Room to grow? For Eastern US Parks, More Than You Think
As a major first step toward achieving its goal to “conserve, connect and restore” 30% of the nation’s land and water by 2030, the Biden administration released its “america the beautifulreport in 2021, setting out the broad principles guiding the effort, but lacking specific details on exactly what land should be conserved. Despite this lack of detail, it’s clear that “America the Beautiful” will rely heavily on the National Park Service.
While it’s easy to imagine reaching 30% simply by expanding the vast units of the park to the West, that doesn’t do much good for the millions of people, plants, and animals in the East.
“The answer is a network of sites across the country, it’s not a big area somewhere,” said Dr. Mark Anderson, director of conservation science at The Nature Conservancy. Traveler in a recent interview.
Luckily, there’s more room for parks to grow in the East than you might think.
Dr. Anderson led a team at the Conservancy that created the Network of resilient and connected lands. The network has identified areas with high “landscape diversity” and “local connectivity”. Varied landscapes with varying topography and elevation provide protection against a wide variety of threats: high ground to avoid flooding, shade to avoid heat, berries to eat when fish populations are low; and as climate change forces animals to migrate to find suitable habitat, it is essential that they have a connected land path to get there.
Diverse and connected lands are “most likely to remain resilient” to climate change, Dr Anderson said.
Using Conservancy’s Resilient and Connected Earths Network, the Traveler identified several parks that are in or directly adjacent to resilient land and have the power to acquire more land without additional (notoriously slow) Congressional approval, making them prime targets for further expansion.
Two such sites are the Blue Ridge Parkway – a 469-mile scenic route that crosses North Carolina and Virginia – and the Great Smoky Mountains National Park, at the Parkway’s terminus in North Carolina.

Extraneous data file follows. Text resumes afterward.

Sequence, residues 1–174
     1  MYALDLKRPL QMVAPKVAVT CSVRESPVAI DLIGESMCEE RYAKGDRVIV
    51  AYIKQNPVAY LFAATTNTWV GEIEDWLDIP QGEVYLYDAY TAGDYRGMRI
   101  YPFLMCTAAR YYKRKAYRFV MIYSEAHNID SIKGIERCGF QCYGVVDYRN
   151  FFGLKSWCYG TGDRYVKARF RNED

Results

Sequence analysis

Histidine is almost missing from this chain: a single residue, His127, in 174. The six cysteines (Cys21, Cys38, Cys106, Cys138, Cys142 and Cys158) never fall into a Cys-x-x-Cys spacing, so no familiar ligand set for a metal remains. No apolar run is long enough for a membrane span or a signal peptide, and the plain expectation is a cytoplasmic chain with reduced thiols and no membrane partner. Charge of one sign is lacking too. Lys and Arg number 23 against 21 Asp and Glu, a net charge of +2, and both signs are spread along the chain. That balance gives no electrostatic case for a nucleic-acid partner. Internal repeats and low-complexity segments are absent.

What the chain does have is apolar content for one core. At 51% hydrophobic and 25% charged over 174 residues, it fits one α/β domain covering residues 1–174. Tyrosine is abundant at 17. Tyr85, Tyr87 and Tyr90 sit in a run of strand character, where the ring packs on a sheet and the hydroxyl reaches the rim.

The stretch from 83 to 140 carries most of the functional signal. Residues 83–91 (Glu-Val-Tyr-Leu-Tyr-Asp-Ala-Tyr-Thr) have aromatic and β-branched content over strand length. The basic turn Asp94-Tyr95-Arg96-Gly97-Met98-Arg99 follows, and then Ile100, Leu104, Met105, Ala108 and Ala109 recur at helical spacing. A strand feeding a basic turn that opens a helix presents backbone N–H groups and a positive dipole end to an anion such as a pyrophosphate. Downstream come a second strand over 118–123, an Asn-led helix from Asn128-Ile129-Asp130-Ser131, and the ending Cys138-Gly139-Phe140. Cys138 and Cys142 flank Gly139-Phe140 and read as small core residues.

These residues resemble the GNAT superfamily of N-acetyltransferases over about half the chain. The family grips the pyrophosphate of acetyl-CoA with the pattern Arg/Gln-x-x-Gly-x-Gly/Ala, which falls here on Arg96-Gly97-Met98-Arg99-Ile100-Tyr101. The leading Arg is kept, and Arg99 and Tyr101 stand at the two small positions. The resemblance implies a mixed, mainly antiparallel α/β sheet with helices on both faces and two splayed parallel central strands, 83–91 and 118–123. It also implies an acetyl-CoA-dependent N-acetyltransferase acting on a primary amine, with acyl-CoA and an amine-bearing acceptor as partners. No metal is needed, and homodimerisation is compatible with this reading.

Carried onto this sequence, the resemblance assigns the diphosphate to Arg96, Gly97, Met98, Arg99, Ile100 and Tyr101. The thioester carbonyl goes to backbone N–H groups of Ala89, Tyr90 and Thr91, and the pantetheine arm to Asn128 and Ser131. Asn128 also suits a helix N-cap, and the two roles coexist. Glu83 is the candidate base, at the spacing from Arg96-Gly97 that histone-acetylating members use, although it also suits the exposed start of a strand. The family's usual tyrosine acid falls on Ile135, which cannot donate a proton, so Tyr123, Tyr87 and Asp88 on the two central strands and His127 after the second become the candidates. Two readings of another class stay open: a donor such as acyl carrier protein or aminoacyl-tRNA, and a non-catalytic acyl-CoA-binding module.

The vast forests the parks protect store vast amounts of carbon dioxide, provide an essential wildlife corridor for millions of birds and other animals, and protect one of the East Coast’s largest watersheds.
The primary driver of any park unit’s ability to acquire and protect more land is that park’s enabling legislation. Some parks have strict limits that they cannot exceed. Others, like Great Smoky, are more flexible. When Great Smoky was established in 1940 it was licensed to cover up to 750,000 acres, but today it is only 522,000 acres due to existing private land within the park boundaries. Assuming the owners are willing to sell and the land meets park criteria, the park could have over 225,000 acres of space to expand.
According to Phil Francis, former superintendent of Blue Ridge Parkway and the Great Smoky Mountains and past president of the Coalition to Protect US National Parks, there are more than 4,000 individual landowners adjacent to park land. With so many different landowners, there is no one answer.
“We have a toolbox that we can choose from: conservation easements, donations, acquisitions,” he told the Traveler.
Blue Ridge Parkway, by its enabling statute, is permitted to acquire land contiguous to the current park, to meet the park’s protection purposes and, of course, to have a willing vendor, current parkway superintendent Tracy Swartout said. . Traveler in a previous interview.
Even if the seller is willing, it may not be realistic. “I received a call